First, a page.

Going to the feed store with my daughter to see the chicks in the spring is a favorite past time with her. Occasionally, we see a new breeds we're interested in taking home with us. The signage often contains vital information about the chicks that help us decide which to take home. To us these details hold familiarity, but for some people these terms can be confusing and bear some explaining.
Here are the terms you'll see when looking for your chicks and what they mean:
- Pullets: Young females sexed by the hatchery, can be 1 day old to under 1 year to use this term.
- Mixed Pullets: Females of different breeds, including hybrids sexed by the hatchery
- Straight Run: Unsexed chicks including a mix of males and females. These were never sexed by a professional.
- Cockerels: Young males sexed by the hatchery. Ages from 1 day old to under 1 year use this term.
Your local feed store will have chicks available to you based on these choices. They receive them from hatcheries around the country. Some shops will get it whatever is available at the time they order. Breeds and sexing choices can change on a week to week basis due to availability. Last spring we were looking at a bin of straight run Wyandottes that just came in that morning. They were about a week old at the time. A farm retiree that liked to sit up there on warm mornings and chat with the customers started picking up chicks and looking at their wing feathers, then showing why he thought this one was a female or that one was male. He expounded about how he used to hatch thousands of chicks every year, and how he knew which ones were of value to him for their eggs and which ones he would later put into his freezer. In the end I didn't take home those chicks.... but I can fill you in about why you can't rely on methods like these at the feed store. Feed stores get their chicks from hatcheries. Hatcheries typically use vent sexing (not feather sexing) to tell males from females in most breeds. Vent sexing typically provides great accuracy, 95% or more, and the chicks come with a sexing guarantee. Most hatcheries provide a 90% accuracy guarantee, meaning that if more than 10% of their chicks are sexed incorrectly, they'll refund for the mis-sexed birds. (My Pet Chicken is so awesome that we guarantee 100% accuracy: My Pet Chicken Guarantees ) But feather sexing is different--and while it's possible that old farmer was successful with his birds, he could not have been successful with those at the feed store. Why? Well, that type of feather sexing is only applicable to very specific breeds--and even then, it's only applicable in certain strains of those breeds that are specifically selected for feather sexing. And even if you have that specific breed and specific strain, you really need to feather sex at Day 1, not Day 7. Scientifically speaking, some birds can be sexed by the speed of feather growth because they carry the k gene. You'd think this would be a huge break-through... until you realize the problems associated with it. First of all, the gene can be selected for in varieties of birds that have other, way more obvious sex-linked characteristics, so in many cases selecting for the feather growth sexing characteristic is just redundant. (For instance, the k gene could be selected for in sex-linked varieties where the males and females already hatch in completely different colors or patterns; obviously, there is no need to depend on feather growth rate for sexing purposes.) But secondly, you probably don't want k gene birds for your backyard flock. Not only are the genes for the slow feather growth associated with a vulnerability to lymphoid leucosis (a fatal liver disease chickens can suffer from), they also cause increased cannibalism, and can even be a cause of reduced egg production. Here is an except from Mississippi State University Flock Management Page on Sexing Day Old Chicks: "Feather sexing is based on feather characteristics that differ between male and female chicks. The method is very easy to learn by the poultryman, but the feather appearances are determined by specially selected genetic traits that must be present in the chick strain. Most strains (breeds) of chickens do not have these feather sexing characteristics and feathering of both sexes appear identical." This past year I ordered straight run chicks.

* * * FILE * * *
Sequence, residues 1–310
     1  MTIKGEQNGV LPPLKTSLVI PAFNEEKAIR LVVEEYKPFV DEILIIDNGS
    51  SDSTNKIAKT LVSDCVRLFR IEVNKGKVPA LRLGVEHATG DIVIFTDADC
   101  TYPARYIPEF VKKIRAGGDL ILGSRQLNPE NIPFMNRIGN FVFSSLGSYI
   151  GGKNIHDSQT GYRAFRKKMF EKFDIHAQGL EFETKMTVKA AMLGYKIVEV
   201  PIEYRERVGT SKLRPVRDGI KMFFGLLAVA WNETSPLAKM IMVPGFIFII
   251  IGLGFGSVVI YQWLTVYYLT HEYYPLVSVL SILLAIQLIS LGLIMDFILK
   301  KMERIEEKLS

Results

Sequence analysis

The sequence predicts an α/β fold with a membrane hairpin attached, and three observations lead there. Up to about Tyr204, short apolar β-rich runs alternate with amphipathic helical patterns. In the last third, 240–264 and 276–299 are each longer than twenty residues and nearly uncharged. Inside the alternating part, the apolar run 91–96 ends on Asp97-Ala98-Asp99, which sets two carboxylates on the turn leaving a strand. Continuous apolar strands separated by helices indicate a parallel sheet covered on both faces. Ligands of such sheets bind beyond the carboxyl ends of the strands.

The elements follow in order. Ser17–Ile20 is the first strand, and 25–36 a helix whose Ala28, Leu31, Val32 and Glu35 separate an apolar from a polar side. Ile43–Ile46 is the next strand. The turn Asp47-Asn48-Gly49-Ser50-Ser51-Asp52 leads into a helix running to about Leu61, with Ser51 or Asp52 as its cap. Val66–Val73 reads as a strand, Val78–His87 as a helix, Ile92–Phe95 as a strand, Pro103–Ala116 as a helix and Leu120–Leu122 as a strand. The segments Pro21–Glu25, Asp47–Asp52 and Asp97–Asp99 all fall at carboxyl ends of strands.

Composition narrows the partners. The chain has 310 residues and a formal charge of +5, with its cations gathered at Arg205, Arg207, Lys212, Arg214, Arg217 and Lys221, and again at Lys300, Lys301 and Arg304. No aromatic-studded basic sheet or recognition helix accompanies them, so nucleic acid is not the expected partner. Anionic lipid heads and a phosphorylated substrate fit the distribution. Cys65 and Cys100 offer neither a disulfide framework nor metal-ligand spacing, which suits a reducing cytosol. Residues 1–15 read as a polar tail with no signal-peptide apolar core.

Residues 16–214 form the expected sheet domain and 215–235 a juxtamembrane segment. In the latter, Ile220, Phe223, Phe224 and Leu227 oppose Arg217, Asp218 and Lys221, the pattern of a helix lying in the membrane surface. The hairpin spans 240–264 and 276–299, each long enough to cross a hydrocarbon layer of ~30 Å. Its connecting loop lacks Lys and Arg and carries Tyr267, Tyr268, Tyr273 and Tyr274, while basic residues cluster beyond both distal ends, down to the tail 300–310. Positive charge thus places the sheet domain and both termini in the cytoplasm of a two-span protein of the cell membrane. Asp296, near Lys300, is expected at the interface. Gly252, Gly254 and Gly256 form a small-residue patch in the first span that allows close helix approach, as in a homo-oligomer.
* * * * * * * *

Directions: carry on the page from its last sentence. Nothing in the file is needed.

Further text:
You have a 50% chance of being right, based on those feathers. Feather growth is different between breeds, and even in birds of the same breed with different parental genetics. As I found out, feather sexing didn't do me a lot of good. Chances are, the chicks you're getting for your backyard flock just don't have the genetic make up to have this method work. Flip a coin---that method would work just as well as trying to feather sex in this context! My dear old farming friend still sits up our feed store on occasion and makes himself available to dish out advice to anyone who is willing to listen. I sure do enjoy his animated stories, and his classic farming notions... but I still don't let him pick out our chicks.